The U.S. offshore drilling agency will begin surprise inspections on oil rigs as part of a new aggressive enforcement effort adopted by the Obama administration since the BP oil spill, the agency’s head said on Thursday.
Bureau head, Michael Bromwich, said he saw no legitimate reason to let oil companies know about planned inspections as much as two days in advance.
“I think unannounced inspections should and must play a significant role in an integrated inspections policy,” Bromwich told the Reuters Global Climate and Alternative Energy Summit.
The department will provide companies some notice about inspections but not a full day ahead of the inspection, Bromwich said.
Bromwich, who was brought in this summer to reform a scandal-ridden bureau marred by the massive BP spill, said the unannounced inspections are part of the bureau’s tough new stance on enforcement.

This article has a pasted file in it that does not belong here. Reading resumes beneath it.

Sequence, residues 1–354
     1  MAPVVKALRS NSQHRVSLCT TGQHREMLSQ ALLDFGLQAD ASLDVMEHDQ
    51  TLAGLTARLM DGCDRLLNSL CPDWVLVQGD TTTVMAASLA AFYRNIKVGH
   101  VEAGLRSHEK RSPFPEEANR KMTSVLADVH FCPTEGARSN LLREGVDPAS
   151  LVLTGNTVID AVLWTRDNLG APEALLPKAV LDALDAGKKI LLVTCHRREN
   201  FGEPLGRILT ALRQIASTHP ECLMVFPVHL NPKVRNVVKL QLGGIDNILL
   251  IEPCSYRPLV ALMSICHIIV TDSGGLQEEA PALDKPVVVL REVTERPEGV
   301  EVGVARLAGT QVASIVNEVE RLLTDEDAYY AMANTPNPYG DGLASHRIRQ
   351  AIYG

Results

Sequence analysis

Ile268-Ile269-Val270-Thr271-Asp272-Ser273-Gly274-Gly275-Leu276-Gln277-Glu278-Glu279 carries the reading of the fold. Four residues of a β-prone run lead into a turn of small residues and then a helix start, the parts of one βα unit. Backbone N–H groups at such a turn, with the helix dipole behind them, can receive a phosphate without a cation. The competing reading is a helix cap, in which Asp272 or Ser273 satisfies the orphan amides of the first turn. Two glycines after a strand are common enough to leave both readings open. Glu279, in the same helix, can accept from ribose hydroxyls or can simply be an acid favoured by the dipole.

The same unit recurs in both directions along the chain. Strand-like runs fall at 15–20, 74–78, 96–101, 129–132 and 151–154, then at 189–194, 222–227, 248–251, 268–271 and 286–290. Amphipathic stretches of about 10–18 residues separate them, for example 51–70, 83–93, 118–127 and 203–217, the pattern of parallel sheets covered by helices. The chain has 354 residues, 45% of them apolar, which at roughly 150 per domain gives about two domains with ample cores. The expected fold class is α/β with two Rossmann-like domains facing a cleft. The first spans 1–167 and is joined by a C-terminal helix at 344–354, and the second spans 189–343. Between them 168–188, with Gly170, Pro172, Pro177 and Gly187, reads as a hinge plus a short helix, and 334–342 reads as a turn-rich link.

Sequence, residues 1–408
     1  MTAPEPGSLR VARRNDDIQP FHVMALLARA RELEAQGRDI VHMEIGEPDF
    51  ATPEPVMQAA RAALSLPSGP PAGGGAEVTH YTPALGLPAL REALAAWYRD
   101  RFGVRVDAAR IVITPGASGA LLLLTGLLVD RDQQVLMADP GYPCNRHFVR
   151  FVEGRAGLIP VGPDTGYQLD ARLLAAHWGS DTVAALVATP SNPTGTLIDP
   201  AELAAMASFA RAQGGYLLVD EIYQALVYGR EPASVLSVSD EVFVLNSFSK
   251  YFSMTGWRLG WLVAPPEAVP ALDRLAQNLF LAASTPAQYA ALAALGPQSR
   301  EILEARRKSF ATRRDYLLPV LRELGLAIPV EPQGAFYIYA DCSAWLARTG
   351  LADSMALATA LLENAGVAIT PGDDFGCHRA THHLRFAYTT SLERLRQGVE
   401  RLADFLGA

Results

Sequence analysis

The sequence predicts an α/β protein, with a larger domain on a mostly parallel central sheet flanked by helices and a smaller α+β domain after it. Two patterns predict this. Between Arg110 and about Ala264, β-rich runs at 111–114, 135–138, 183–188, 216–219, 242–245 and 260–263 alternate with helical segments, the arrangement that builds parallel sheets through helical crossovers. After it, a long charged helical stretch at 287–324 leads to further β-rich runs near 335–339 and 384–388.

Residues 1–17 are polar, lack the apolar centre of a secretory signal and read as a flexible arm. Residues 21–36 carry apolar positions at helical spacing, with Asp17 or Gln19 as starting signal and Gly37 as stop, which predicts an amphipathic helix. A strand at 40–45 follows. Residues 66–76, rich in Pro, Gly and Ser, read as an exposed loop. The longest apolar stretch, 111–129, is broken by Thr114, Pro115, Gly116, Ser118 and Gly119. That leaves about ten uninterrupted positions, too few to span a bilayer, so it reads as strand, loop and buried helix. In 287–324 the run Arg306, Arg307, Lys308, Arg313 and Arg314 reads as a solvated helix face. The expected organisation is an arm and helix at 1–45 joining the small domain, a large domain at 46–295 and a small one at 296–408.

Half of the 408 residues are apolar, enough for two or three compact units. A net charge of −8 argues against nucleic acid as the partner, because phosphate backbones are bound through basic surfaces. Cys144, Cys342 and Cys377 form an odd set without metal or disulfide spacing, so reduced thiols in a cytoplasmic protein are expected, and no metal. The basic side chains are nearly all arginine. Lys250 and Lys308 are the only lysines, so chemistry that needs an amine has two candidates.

Bromwich said he has let the inspectors know that they are authorized “to be as aggressive as they responsibly can be.”
An investigative team formed by Bromwich within the agency will also help spearhead the agency’s efforts to forcefully go after oil companies that violate the law.
Critics have charged the government’s drilling regulator has been too close to the industry it is supposed to oversee.
Bromwich has instituted new ethics rules barring employees from inspecting rigs operated by companies they have worked for in the past two years.
The bureau has also imposed stringent new safety rules aimed at preventing another drilling accident like the one at BP’s Macondo well, pouring millions of barrels of oil into Gulf of Mexico.